|Julianna Barwick — Will (May 6th, 2016)|
Julianna Barwick — Will (May 6th, 2016)Ξ↑Ξ Její soundscapes jsou postavené kolem několika smyček a vrstev jejího andělského hlasu. Vychutnáš si ho už v úvodní písni z devíti. Druhá polovina od písně Wist podle západní kritiky začíná pomalu ztrácet na poutavosti, já si myslím pravý opak: Juliin chladivý zpěv se odráží od pomalu se pohybujícího synkopovaného klavíru (6), přesto i tyto písně odrážejí posun v jejím přístupu; tam, kde jiní se schovávají za grandiózní produkce, ona se nebojí být malá. Přistupuje ke zvukům relativně měkce, jak to jen Moog dovolí, a tato její flexibilita umožňuje další organické rozvinutí témat, vzestupy a pády alba. To přichází v jejím nejrušnějším období, namátkou — její činnost zahrnovala hru na klavír pro Yoko Ono a vystoupení k 25. výročí Tibetského domu, což byl benefiční koncert po boku Flaming Lips a Phila Glasse. Album tedy odráží měnící se situace, desítky tranzitů a neustálý pohyb v jejím životě. Nicméně, album Will poskytuje poutavý důkaz o jejím neodolatelném talentu. Konkrétně opět vidím, že zůstává posedlá smyčkami, takže spíše než by psala písně, ona je staví na měnících se fasádách s nepravidelným designem. Je to zvuk umělkyně, jehož tajemný a oslavovaný proces postupného budování by paradoxně mohl dotvořit divadelní a kurátorskou práci pro jiné instalace a to nejen tímto albem, ale už samotnou spoluprací k finálnímu dosažení pocitu jemnosti jakékoli nahrávky. Will finds Barwick more vulnerable than ever as a performer.
Location: Louisiana ~ Brooklyn, New York, NY, U.S.
Album release: 06 May 2016
Record Label: Dead Oceans
1 St. Apolonia 2:14
2 Nebula 5:35
3 Beached 4:09
4 Same 4:56
5 Wist 2:41
6 Big Hollow 5:30
7 Heading Home 3:58
8 Someway 4:31
9 See, Know 5:04
℗ 2016 Dead Oceans
BY JONATHAN WROBLE, APRIL 12, 2016 / SCORE: ****½
Ξ↑Ξ “Hypnotic” is often used to praise the work of ambient artists, but it can also describe music that drifts out of focus. This isn’t lost on Julianna Barwick, who’s said the trickiest part of writing is editing her 20–minute loops of voice and spare instrumentation into cohesive songs, and on Will she strips her sound to its most necessary components. This is an album of rhythm, restraint, and rough edges. Compared to her previous efforts, 2013’s Nepenthe especially, it’s an exposed skeleton, with Barwick’s mastery of ambiance, choreographed crescendos, and swollen, show–stopping hooks giving way to a charming intimacy.
Ξ↑Ξ This newfound minimalism is likely no easy feat for an artist so skilled at drafting infinite echoes of her own voice. Will’s production reportedly required several distinct locations and experimentation with new instruments, and its understated sound doesn’t so much betray this ethic as magnify the purposeful simplicity of Barwick’s compositions. “Beached” is endearingly amateurish, its haunting piano motif plodding along unsteadily, as if it’s being sight–read. Similarly, the sudden apparition of piano and strings halfway through “St. Apolonia” suggests that the set musicians showed up late, and the way the song opens with the whirring of wind and waves — sounds to which Barwick’s coiling vocals are routinely compared — knowingly reiterates that her songwriting is separate from, and bigger than, the atmosphere it creates.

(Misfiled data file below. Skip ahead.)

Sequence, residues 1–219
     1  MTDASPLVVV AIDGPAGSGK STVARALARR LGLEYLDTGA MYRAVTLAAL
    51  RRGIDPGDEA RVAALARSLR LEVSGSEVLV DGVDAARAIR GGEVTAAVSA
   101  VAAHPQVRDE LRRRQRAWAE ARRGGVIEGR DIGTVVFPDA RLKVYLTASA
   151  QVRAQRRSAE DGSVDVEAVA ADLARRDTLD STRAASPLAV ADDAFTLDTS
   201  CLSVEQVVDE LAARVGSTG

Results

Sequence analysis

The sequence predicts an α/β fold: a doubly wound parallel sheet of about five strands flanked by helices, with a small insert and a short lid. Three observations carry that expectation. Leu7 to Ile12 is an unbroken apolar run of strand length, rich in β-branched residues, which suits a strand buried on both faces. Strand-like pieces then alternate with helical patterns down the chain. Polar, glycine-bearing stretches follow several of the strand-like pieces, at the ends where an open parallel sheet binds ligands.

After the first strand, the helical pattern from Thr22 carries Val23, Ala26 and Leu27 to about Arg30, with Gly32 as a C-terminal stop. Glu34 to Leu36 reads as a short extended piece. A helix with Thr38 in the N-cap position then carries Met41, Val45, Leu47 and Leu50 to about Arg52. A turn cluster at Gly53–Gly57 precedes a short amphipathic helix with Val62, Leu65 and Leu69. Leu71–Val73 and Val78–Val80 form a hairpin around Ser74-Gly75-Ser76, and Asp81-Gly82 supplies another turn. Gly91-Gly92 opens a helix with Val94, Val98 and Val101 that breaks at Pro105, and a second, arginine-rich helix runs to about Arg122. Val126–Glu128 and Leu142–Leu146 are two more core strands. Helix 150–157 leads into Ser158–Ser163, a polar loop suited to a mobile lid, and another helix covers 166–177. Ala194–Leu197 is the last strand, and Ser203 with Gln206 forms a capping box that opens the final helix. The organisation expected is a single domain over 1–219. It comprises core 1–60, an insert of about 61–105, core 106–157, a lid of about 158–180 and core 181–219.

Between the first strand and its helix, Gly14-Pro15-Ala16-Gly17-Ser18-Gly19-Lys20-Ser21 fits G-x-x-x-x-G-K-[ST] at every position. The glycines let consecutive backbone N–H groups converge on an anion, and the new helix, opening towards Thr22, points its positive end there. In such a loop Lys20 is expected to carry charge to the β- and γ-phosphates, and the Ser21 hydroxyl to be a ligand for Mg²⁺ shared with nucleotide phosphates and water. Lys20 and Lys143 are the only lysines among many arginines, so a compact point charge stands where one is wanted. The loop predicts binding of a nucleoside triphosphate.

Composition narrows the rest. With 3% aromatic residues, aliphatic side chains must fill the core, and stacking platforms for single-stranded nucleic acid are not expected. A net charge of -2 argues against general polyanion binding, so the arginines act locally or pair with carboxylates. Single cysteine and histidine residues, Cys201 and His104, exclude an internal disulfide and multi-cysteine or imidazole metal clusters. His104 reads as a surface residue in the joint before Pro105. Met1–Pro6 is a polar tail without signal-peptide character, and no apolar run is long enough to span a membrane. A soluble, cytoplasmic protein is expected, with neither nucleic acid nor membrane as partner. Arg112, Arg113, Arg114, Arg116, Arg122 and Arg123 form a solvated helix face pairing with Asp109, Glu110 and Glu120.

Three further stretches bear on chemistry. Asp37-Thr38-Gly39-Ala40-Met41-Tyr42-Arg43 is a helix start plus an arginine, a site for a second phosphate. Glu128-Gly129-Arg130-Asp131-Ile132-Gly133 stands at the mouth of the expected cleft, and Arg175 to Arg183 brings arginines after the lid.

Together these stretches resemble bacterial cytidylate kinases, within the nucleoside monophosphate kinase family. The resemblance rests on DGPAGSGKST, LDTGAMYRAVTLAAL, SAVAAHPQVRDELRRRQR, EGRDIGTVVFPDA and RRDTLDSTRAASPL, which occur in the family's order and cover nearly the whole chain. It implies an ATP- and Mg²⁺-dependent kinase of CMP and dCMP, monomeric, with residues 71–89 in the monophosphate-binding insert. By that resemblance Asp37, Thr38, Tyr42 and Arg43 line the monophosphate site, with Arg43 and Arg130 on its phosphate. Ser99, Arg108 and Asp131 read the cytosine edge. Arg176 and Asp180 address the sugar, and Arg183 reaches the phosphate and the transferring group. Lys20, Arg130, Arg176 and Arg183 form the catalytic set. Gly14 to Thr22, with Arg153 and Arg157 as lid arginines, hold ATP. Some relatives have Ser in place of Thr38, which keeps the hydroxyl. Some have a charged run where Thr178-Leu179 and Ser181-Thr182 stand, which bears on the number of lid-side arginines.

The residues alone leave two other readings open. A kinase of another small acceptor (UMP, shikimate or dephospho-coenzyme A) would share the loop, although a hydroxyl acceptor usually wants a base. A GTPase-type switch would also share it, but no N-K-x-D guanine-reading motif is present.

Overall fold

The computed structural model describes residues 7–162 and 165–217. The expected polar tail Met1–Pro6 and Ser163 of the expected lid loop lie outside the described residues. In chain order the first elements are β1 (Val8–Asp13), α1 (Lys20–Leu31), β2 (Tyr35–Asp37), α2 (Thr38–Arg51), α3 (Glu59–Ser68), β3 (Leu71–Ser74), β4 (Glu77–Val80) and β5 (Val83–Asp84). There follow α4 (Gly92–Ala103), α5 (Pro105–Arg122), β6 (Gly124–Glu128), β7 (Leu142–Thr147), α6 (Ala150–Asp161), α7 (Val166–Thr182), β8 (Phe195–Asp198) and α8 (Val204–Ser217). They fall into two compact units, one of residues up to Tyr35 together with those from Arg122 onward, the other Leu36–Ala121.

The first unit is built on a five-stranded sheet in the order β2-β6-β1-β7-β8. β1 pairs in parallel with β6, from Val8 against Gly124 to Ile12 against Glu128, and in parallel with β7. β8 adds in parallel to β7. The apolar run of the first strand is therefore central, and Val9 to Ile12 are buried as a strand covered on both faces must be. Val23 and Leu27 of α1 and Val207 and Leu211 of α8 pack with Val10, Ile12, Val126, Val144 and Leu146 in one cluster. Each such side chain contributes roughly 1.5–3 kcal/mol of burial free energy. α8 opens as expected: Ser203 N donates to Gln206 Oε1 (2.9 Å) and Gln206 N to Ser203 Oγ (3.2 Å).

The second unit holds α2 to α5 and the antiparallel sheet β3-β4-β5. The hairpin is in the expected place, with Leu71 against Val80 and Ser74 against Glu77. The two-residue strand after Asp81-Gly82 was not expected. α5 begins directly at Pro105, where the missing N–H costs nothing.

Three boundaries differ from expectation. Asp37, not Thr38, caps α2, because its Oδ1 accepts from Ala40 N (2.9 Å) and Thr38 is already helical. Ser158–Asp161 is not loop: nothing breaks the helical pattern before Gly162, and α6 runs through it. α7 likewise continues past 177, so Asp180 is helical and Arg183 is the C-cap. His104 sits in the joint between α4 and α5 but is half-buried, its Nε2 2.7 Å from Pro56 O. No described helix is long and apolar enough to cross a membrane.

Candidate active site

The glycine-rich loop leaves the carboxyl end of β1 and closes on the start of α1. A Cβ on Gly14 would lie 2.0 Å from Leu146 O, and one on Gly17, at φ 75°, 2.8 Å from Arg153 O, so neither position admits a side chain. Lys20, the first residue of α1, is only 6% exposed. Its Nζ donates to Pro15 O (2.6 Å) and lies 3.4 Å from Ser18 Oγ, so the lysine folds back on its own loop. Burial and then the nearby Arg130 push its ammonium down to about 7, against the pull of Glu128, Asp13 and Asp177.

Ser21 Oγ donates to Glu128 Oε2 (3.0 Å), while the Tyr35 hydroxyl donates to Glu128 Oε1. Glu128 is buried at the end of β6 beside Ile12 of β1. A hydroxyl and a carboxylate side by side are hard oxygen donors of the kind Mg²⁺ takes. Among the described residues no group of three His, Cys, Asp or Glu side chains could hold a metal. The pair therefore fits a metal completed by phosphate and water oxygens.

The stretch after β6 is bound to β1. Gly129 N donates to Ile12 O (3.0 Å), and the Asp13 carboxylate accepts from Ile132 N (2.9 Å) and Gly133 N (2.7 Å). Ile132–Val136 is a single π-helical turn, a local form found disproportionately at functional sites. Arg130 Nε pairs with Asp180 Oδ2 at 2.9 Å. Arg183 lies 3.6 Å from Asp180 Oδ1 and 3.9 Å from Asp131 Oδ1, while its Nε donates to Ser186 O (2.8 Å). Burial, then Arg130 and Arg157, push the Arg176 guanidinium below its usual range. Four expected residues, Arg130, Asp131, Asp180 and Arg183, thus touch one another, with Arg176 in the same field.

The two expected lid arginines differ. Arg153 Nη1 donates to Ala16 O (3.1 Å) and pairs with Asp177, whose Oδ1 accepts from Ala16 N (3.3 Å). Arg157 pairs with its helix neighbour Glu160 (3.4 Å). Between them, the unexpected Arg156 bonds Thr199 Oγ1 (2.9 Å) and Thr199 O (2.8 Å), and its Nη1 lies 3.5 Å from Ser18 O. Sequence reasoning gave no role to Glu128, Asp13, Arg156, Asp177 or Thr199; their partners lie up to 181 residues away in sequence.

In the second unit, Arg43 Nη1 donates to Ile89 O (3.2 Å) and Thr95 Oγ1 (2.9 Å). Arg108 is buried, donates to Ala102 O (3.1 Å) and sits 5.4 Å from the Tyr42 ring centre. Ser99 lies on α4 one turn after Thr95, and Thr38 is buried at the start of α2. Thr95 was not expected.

Ξ↑Ξ Will also finds Barwick more vulnerable than ever as a performer. Instead of a soft base layer of choral loops, frequently the backbone of her songs, several tracks operate cleverly on repetitive synth lines, allowing Barwick to use her voice as an improvisational flourish. “Nebula” and “See, Know” both come to life with pulsating, eight–note synth sequences — delicate on the former, punishing on the latter — above which Barwick sings actual words, a rarity for her, and shares spotlight with the shifting dynamics of the instruments (including manic drumming on “See, Know,” albeit low enough in the mix to merely suggest, not mandate, a sense of severity).
Ξ↑Ξ Elsewhere, “Same” is an intriguing mix of robotic, downcast synth chords with the aching optimism of Barwick’s voice — especially near its end, which features the exotic, cavernous whooping increasingly favored by acts like M83 (the song seems to move in opposite directions at once). If Barwick’s vocal circuitry of old had an anonymizing effect, where she manipulated her voice until one almost forgot it was hers, the careful balance of instruments and singing on Will makes the vocals recognizable, even personable. In short, she sounds remarkably unburdened.